Upon the Kendeda Building’s completion, we asked a few prominent change leaders in sustainability and other fields to offer their insights. At the heart of all their columns: What should and can be done to encourage regenerative design and construction. Read more of these Building Thought Leader columns and other content tied to completion of this landmark for sustainability in the Southeast here.
For those of us in the business of city building, it’s not hard to envision a future that is evergreen and fully resilient. For most people, however, it’s nearly impossible to see how we will get there – how we can motivate global action to actually implement such an ambitious vision for our planet.
Even if we accept all the arguments and talking points about regenerative building materials, sustainable energy sources, closed-loop water systems and other strategies, we’re overwhelmed by the scale of the changes that are needed – by all the things that must happen simultaneously, with such obstinate political and legal complexity, and with such a fast-diminishing timeline.
Our task is daunting, to say the least. We need a catalyst – something that compels us to action and illuminates a way forward, even if that path can be difficult to see in the here and now.
In the conceptualization of a greener city, the Atlanta Beltline has played that kind of catalyst role. By the early 2000s, a decades-long era of urban population decline had ended. Growth began to come back to the center just as an ambitious idea for managing that growth came out of nowhere. The vision for the Beltline inspired citizens to see a better future for ourselves and then compelled us to take action.
Over the next decade, it became both a way to protect our quality of life in the face of crushing traffic and a way to attract new opportunities made possible by the city’s growth – new parks, affordable housing and economic development. Ordinary citizens organized a powerful grassroots movement for change – even though at that time, we were only selling ideas. When the Eastside Trail finally opened in 2012, it validated the promise of those ideas and even the project’s skeptics began to see its potential. The vision made sense in ways that it hadn’t before, and its success brought new partners on board. A catalyst pathway had literally and metaphorically shown us the way.
The Atlanta Beltline is far from finished, of course, and its implementation has been imperfect so far – especially on transit. With each step forward, however, the benefits become more and more obvious. Today, it is not only changing the physical form of the city; it’s changing the way we think about Atlanta and what our expectations are for living here. It’s spurring new connectivity and better growth policies. And it’s inspiring copycat projects in other communities. Through both direct and indirect influence, it is catalyzing change across the region. As a result, we are learning and building better toward our vision of a resilient city.
I believe the Kendeda Building for Innovative Sustainable Design at Georgia Tech will play a similar role — as a catalyst for the transformation of building industries across the South. Many of us are familiar with the Living Building Challenge and related talking points. We’re already part of a movement of believers who understand the role of buildings in both climate degradation and climate solutions. We can see a future where those solutions have taken hold. But because the task of accomplishing that vision is huge and involves all kinds of other people – including many skeptics – there’s no way we can get there alone. We need a model to illuminate our path forward and then compel everyone to move toward that shared goal.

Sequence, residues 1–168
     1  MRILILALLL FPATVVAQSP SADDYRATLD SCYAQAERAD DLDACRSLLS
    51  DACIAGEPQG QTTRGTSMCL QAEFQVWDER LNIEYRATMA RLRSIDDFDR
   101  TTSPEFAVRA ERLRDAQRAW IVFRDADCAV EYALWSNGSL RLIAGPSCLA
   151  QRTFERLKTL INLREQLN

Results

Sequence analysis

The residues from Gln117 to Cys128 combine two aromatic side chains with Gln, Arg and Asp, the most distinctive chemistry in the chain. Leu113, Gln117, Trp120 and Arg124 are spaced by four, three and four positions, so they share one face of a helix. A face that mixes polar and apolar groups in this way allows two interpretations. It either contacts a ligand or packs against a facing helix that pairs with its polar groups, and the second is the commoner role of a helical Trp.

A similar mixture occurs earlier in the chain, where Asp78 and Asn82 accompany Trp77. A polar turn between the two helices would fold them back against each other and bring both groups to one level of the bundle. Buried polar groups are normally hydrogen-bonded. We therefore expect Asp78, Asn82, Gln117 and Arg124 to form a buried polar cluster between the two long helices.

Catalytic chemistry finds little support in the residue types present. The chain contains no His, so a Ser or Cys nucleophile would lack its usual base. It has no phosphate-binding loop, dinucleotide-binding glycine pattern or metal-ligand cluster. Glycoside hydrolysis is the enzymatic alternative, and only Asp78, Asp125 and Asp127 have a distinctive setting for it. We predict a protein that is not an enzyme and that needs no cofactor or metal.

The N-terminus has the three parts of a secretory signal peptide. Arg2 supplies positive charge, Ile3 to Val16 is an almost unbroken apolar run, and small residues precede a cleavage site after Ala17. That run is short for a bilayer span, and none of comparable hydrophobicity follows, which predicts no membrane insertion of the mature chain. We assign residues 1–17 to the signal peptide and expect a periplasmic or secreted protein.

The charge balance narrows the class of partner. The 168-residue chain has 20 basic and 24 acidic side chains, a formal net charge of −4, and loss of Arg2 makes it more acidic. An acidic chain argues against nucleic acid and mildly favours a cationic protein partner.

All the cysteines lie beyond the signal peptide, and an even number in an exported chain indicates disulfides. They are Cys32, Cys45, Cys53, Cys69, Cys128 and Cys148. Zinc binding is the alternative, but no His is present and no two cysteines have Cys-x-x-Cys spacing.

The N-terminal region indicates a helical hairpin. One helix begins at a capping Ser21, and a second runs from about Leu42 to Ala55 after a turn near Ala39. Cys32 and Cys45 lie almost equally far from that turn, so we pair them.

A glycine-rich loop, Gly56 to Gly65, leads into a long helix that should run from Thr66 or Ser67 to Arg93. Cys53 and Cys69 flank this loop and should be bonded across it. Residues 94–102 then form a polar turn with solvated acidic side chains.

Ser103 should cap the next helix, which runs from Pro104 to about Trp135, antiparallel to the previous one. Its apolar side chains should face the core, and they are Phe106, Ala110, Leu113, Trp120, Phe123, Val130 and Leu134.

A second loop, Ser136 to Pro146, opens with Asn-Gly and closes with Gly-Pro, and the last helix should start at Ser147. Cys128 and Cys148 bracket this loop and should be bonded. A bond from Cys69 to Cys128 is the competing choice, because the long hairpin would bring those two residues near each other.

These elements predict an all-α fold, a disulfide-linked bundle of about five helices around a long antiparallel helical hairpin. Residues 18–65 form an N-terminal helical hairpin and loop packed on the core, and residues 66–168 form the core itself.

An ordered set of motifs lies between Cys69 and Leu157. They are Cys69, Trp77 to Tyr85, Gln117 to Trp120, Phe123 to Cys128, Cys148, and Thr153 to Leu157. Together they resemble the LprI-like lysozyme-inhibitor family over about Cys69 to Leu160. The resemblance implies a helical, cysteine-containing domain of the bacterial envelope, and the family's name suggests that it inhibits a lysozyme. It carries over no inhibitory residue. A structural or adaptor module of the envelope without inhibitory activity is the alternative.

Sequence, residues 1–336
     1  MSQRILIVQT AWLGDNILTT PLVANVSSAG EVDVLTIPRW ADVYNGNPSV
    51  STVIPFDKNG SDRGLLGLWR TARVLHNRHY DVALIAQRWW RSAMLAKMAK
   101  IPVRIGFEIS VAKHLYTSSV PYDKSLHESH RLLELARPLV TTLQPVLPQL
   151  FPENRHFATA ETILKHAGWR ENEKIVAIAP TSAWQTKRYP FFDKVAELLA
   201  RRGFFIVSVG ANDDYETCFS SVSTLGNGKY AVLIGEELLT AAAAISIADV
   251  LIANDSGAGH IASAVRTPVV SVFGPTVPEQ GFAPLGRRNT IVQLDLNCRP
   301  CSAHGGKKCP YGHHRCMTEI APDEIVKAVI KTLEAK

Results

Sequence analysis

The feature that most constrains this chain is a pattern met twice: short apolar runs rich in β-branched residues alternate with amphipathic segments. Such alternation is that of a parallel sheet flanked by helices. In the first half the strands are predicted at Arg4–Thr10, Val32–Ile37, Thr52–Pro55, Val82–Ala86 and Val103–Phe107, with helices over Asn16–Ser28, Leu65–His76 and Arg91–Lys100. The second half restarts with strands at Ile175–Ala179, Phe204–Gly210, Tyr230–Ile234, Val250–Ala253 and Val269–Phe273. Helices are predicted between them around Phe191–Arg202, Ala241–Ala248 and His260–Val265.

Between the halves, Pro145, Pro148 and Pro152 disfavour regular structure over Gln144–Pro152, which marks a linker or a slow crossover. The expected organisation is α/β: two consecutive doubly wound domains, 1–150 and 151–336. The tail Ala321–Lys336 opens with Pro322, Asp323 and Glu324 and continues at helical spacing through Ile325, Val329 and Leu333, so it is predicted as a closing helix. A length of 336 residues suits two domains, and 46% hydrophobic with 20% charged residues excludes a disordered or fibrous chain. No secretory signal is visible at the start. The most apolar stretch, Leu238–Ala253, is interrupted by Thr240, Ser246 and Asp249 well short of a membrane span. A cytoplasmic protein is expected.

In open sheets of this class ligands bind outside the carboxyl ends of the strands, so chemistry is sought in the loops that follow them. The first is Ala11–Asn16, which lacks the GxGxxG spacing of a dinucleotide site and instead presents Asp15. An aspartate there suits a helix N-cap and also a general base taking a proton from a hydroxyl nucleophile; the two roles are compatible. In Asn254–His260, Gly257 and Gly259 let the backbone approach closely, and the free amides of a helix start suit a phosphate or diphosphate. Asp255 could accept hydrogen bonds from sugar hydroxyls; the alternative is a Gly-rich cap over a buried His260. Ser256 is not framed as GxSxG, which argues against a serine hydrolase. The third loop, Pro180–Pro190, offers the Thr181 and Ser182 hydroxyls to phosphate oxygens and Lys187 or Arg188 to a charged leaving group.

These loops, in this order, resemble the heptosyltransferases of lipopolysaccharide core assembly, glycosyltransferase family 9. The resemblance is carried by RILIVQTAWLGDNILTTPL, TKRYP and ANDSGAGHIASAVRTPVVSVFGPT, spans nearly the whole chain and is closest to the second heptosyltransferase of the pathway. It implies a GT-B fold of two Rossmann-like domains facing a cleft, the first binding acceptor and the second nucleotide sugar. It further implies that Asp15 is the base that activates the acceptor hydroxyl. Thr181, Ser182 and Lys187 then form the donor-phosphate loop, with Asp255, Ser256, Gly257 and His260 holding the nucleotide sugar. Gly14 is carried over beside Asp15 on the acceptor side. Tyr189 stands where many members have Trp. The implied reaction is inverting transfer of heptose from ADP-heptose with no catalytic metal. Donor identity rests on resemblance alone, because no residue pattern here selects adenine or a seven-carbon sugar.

Atlanta has had a lot of success with green buildings. Until now, however, a truly regenerative project has been elusive – like some beautiful dream that didn’t seem possible.The Kendeda Building changes that.
The general public will now see in built form what the believers have been talking about for years. People will touch, feel and experience a Living Building in Georgia – a significant structure that does more good than harm for the environment They will learn about the supply chains, design strategies and construction practices needed to deliver regenerative buildings.
Hopefully, they will see opportunities for themselves and their businesses in the realization of more Living Buildings. In the process, we will evolve our industry from the inside out, creating opportunities for all kinds of emerging technologies, products, and services. And these new buildings that once seemed radical to the general public will become baseline best practices and simply good business.
Building on that momentum will require more work, of course, but I believe Atlanta is up to the task. This beautiful catalyst on my alma mater’s campus will propel us forward. Suddenly and soon – as with the Atlanta BeltLine – we won’t be able to see our future without seeing green.
Ryan Gravel is an urban thinker, designer, author, and builder – an entrepreneur working on ideas about the future of cities. His master’s thesis in 1999 was the original vision for the Atlanta Beltline. Generator, a nonprofit think thank on the future of cities founded by Gravel, is supported by the Kendeda Fund, which also publishes the Kendeda Living Building Chronicle.
PHOTO AT TOP: The Atlanta Beltline has transformed the way Atlantans think about their city. Photo by Ryan Gravel.